This may be the only realistic position to adopt in a developing country like PNG. Tonia Marquardt, medical manager for Médecins Sans Frontières in PNG, says that stage four lockdowns of the kind imposed in Victoria would do more harm than good. “Extreme restrictions in a population that really lives hand-to-mouth in terms of daily needs would do an enormous amount of damage. I think the best approach is to have a really strong response to clusters, locking them down quickly. and to be aware it will keep coming back and to respond strongly when there are outbreaks.” Mola agrees that a hard lockdown strategy would be difficult, particularly in urban areas, and says it could lead ultimately to mass hunger, looting and rioting.

Even before the pandemic, the PNG health system was woefully inadequate to meet the needs of its people. Crowds of sick people often gather outside hospitals, waiting to be triaged; only the more serious cases make it to emergency departments, where they face another wait to be admitted. In a nation where tuberculosis and malaria are widespread and outbreaks of polio have been recorded recently, only 2.5 per cent of GDP is spent on health, according to the World Bank, compared with 9.2 per cent in Australia. The government says there are only 500 doctors and 5000 hospital beds in the whole of the country.

“It’s a real worry that our health services don’t have any slack,” says Mola. “We have to flatten out the spread of the virus as much as possible so we can cope with the extra load on the health system. We don’t have the capacity to give all health workers full PPE” — personal protective equipment — “for every patient or every episode of healthcare. So health workers will get infected and when a minority get very ill and health workers are looking after health workers, people will get very frightened.” He recently advised couples to postpone having a baby because of the likely strain on the hospital system over the next twelve months.

The World Health Organization is working with the World Bank, the Asian Development Bank and the Australian and New Zealand governments to provide more resources for testing and more personal protective equipment. But the challenge in PNG is for the money and physical assistance to get to where it is needed. While Port Moresby hospital made plans months ago to deal with Covid-19, Mola says it has only just started receiving the money to implement them.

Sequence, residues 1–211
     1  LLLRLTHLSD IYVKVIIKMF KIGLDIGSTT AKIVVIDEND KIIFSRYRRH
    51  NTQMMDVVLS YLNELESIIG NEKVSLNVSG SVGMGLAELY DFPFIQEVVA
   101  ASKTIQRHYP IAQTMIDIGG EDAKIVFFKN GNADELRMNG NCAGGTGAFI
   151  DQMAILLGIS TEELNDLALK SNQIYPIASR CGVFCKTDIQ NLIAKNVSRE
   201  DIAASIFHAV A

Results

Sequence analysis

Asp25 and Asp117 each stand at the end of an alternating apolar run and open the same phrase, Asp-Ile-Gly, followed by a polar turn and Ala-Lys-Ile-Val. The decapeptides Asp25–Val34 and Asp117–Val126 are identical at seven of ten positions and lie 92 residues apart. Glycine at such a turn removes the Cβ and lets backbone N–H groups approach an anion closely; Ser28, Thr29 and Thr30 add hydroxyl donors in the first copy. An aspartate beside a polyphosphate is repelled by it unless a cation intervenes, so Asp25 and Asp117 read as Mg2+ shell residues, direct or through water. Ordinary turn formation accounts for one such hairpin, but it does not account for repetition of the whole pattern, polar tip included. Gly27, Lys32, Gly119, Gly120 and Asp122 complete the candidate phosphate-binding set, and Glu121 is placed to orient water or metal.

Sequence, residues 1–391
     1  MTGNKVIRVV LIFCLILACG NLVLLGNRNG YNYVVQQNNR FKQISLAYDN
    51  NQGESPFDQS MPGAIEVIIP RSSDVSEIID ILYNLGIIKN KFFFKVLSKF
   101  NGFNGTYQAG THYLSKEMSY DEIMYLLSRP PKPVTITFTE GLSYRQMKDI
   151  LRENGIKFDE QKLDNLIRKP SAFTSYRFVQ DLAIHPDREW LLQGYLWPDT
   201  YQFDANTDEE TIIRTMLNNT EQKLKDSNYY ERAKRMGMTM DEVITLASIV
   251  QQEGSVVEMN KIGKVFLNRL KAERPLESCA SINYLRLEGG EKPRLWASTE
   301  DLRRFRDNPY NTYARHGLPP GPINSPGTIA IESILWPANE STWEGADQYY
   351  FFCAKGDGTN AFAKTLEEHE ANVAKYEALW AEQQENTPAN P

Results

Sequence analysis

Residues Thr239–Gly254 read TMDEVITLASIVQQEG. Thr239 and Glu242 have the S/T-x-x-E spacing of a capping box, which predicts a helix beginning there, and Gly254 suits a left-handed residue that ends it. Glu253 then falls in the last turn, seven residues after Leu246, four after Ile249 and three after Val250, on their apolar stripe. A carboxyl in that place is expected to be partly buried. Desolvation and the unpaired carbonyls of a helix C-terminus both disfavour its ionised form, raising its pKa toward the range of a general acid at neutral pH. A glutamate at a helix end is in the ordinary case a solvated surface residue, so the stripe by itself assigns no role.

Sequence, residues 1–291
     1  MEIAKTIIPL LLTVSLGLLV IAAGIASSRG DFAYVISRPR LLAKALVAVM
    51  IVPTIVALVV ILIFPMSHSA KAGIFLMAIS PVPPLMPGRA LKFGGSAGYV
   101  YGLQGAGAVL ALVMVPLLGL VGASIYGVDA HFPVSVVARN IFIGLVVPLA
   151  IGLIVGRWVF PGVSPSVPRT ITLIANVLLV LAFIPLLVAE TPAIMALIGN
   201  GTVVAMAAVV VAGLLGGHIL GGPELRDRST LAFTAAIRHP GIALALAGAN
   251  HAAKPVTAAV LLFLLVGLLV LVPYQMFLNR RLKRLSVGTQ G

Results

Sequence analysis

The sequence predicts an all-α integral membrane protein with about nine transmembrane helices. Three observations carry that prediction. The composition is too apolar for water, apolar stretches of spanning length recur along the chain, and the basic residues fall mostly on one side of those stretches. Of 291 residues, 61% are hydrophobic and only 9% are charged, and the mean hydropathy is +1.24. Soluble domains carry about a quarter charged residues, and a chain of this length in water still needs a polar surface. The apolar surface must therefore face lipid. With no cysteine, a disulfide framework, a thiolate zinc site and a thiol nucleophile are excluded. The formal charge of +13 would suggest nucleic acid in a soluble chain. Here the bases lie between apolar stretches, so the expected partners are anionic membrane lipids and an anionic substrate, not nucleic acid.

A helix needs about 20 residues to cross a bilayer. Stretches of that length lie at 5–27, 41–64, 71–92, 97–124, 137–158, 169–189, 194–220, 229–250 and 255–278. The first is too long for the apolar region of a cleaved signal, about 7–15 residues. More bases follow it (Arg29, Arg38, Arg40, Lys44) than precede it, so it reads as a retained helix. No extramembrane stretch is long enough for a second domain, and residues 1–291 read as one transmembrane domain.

Australia hasn’t altogether ignored these problems. It has sent an Australian Medical Assistance Team of eight people, including public health specialists and laboratory experts, to PNG. Last month it announced an $80 million contribution to an international program to provide access to a Covid-19 vaccine for health workers and other vulnerable groups in Southeast Asian and Pacific countries. But the money comes from Australia’s existing, already meagre aid budget.

Earlier in the year the government promised $100 million to help Pacific countries deal with the economic effects of the virus. Papua New Guinea was allocated about $20 million. Again the money is what Canberra calls a “reprioritisation” from the aid budget. Given the scale of PNG’s budget problems it is a drop in the bucket.

Last year, Australia gave PNG a $440 million loan, meant as a temporary measure until the country refinanced its debt with the help of the International Monetary Fund; repayments were subsequently suspended in a sign of the scale of PNG’s economic woes, which have been greatly exacerbated by the pandemic. In May, Australia’s foreign affairs department conceded that “the scale of the Covid-19 crisis will dwarf the resources we have available, including through our ODA [Official Development Assistance] budget.”